Try the dumbbell decline hip-bridge press. The standard decline bench press is awkward when you're holding heavy dumbbells. To solve this problem, get on the floor and elevate your hips. This puts your torso at a decline angle relative to the dumbbells.
I like the floor press because you can bend your knees like your feet are on a bench, except there's no risk of falling off a bench if you tilt the bar.
Using a thick pad under your mid-torso increases the productive range of motion while offering a few additional safety benefits. There's no risk of the bar crushing your neck if you drop the weight because the plates will hit the floor first. It's also easier to spot. You can also raise your hips and do a barbell decline press to mix up your angles.
Side push-ups are an old-school bodyweight move that really hit your inner pecs. You can hold a dumbbell if you need to add some additional load.
This exercise is traditionally done for the triceps with the hand on the floor and your forearm angled. Elevate your hand on a dumbbell and keep a more vertical forearm angle to hit your pecs in the shortened range. You'll push your arm across the midline of your body instead of simply extending at your elbow.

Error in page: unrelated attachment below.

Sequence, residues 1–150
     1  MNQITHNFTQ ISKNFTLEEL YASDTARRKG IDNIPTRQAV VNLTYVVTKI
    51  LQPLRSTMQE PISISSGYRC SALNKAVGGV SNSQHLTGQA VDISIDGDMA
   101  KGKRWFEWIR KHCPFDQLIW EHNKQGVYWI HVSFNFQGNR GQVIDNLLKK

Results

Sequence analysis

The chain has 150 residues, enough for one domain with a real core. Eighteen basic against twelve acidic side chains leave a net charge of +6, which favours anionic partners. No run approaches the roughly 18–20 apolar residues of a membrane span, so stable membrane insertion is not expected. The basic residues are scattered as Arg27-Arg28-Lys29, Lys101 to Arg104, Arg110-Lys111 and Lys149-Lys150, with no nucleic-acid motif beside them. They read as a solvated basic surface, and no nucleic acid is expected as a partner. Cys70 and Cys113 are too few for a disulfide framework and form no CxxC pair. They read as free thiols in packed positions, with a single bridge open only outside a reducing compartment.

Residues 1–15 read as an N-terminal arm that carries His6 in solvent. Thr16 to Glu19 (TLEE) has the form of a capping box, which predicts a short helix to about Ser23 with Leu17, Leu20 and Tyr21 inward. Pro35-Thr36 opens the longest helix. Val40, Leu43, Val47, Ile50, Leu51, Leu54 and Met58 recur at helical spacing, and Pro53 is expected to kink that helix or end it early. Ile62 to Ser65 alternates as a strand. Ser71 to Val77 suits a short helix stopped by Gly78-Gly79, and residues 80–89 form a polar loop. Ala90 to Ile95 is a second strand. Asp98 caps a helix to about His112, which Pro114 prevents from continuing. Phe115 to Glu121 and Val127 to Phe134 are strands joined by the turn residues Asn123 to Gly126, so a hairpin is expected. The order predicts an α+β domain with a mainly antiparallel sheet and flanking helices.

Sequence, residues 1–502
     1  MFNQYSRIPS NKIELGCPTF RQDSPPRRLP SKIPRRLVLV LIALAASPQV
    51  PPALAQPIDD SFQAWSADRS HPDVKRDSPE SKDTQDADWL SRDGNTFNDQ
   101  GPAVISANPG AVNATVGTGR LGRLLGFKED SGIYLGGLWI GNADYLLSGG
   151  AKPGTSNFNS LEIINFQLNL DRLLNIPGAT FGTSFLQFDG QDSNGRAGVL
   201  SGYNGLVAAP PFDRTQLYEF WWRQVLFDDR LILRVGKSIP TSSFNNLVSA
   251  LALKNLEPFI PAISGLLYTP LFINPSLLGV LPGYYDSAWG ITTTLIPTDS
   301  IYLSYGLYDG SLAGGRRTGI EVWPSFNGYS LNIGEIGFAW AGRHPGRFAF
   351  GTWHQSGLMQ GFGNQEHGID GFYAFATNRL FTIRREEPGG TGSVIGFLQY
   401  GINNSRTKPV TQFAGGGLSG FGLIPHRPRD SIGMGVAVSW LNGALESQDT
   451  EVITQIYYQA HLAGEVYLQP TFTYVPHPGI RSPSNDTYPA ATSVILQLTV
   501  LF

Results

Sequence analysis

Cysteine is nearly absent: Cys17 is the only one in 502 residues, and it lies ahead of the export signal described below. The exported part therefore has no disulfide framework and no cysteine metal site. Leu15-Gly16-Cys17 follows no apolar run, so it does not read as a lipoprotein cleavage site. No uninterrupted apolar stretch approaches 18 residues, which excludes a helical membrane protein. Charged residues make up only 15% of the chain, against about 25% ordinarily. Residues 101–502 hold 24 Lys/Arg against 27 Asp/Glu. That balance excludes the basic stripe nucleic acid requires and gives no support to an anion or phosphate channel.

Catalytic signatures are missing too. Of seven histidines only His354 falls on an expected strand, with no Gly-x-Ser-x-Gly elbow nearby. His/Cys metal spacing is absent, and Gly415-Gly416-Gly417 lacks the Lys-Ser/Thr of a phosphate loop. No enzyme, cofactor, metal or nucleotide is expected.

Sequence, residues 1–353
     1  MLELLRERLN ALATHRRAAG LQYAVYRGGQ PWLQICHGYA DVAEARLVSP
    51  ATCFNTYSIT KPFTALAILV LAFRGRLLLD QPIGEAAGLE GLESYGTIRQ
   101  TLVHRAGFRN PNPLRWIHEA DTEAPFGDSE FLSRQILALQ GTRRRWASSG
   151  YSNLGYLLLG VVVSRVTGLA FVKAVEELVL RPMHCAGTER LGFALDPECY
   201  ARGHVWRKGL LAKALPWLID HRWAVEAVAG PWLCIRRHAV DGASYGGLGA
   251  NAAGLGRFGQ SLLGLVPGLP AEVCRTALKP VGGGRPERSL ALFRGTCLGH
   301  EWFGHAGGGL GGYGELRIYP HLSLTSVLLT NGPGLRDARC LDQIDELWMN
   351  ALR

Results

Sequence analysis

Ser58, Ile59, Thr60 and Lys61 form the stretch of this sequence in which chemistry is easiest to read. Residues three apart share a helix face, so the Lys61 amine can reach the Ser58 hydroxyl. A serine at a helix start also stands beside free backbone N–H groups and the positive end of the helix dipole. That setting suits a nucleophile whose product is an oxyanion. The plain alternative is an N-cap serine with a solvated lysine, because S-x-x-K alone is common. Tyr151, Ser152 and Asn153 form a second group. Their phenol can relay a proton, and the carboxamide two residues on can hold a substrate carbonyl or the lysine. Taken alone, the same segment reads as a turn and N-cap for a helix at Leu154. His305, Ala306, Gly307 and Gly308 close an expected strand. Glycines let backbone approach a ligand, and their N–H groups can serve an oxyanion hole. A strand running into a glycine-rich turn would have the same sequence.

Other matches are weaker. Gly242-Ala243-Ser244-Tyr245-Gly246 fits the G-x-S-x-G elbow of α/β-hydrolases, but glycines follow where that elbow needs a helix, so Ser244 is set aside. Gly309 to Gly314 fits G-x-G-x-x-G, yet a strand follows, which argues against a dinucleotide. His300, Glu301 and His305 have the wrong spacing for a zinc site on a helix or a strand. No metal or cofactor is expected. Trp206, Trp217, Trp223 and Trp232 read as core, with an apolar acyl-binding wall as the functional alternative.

Presses in the flat, decline, and incline positions all create the most mechanical tension on the pecs when the humerus (upper arm bone) is parallel to the ground, which is in the lengthened-to-midrange strength zone.
However, these exercises provide little mechanical tension on your pecs when your wrists are directly in front of your shoulders, which is in the shortened-to-midrange strength zone of your pecs. That's what I mean when I say "inner pecs."
It's important to include an exercise in the shortened-to-midrange zone that forces your pecs to deal with a large load (relative to your current strength level) when your hands are directly in front of your shoulders and torso. This trains your body in the strength zone missed by the compound pressing exercises, and you get stronger pecs in all positions of horizontal and diagonal arm adduction (moving your arm from out to in).
- Muyor JM et al. Evaluation and comparison of electromyographic activity in bench press with feet on the ground and active hip flexion. PLoS One. 2019 Jun 14;14(6):e0218209. PubMed.
- Saeterbakken AH et al. The effects of bench press variations in competitive athletes on muscle activity and performance. J Hum Kinet. 2017 Jun 22;57:61-71. PubMed.
- Trebs AA et al. An electromyography analysis of 3 muscles surrounding the shoulder joint during the performance of a chest press exercise at several positions. J Strength Cond Res. 2010 Jul;24(7):1925-30. PubMed.
- Barnett C et al.a Effects of variations of the bench press exercise on the EMG activity of five shoulder muscles. J Strength Cond Res. 1995 Nov;9(4):222-7.
- Rodríguez-Ridao D et al. Effect of Five Bench Inclinations on the Electromyographic Activity of the Pectoralis Major, Anterior Deltoid, and Triceps Brachii during the Bench Press Exercise. Int J Environ Res Public Health. 2020;17(19):7339. PubMed.